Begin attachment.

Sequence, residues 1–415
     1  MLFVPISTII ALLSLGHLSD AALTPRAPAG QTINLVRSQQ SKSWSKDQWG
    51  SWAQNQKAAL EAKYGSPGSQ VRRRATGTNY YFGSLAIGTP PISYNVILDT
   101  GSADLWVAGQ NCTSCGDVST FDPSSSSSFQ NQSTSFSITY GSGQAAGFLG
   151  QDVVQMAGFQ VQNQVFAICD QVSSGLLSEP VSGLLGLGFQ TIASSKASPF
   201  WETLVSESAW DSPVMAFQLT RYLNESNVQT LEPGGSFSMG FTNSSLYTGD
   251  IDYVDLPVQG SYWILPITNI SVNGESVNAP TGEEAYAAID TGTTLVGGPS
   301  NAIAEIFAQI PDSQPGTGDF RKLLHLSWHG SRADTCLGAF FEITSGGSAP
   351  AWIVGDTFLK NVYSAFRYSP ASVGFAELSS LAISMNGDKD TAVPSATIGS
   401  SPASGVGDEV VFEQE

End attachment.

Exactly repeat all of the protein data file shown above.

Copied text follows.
Sequence, residues 1–415
     1  MLFVPISTII ALLSLGHLSD AALTPRAPAG QTINLVRSQQ SKSWSKDQWG
    51  SWAQNQKAAL EAKYGSPGSQ VRRRATGTNY YFGSLAIGTP PISYNVILDT
   101  GSADLWVAGQ NCTSCGDVST FDPSSSSSFQ NQSTSFSITY GSGQAAGFLG
   151  QDVVQMAGFQ VQNQVFAICD QVSSGLLSEP VSGLLGLGFQ TIASSKASPF
   201  WETLVSESAW DSPVMAFQLT RYLNESNVQT LEPGGSFSMG FTNSSLYTGD
   251  IDYVDLPVQG SYWILPITNI SVNGESVNAP TGEEAYAAID TGTTLVGGPS
   301  NAIAEIFAQI PDSQPGTGDF RKLLHLSWHG SRADTCLGAF FEITSGGSAP
   351  AWIVGDTFLK NVYSAFRYSP ASVGFAELSS LAISMNGDKD TAVPSATIGS
   401  SPASGVGDEV VFEQE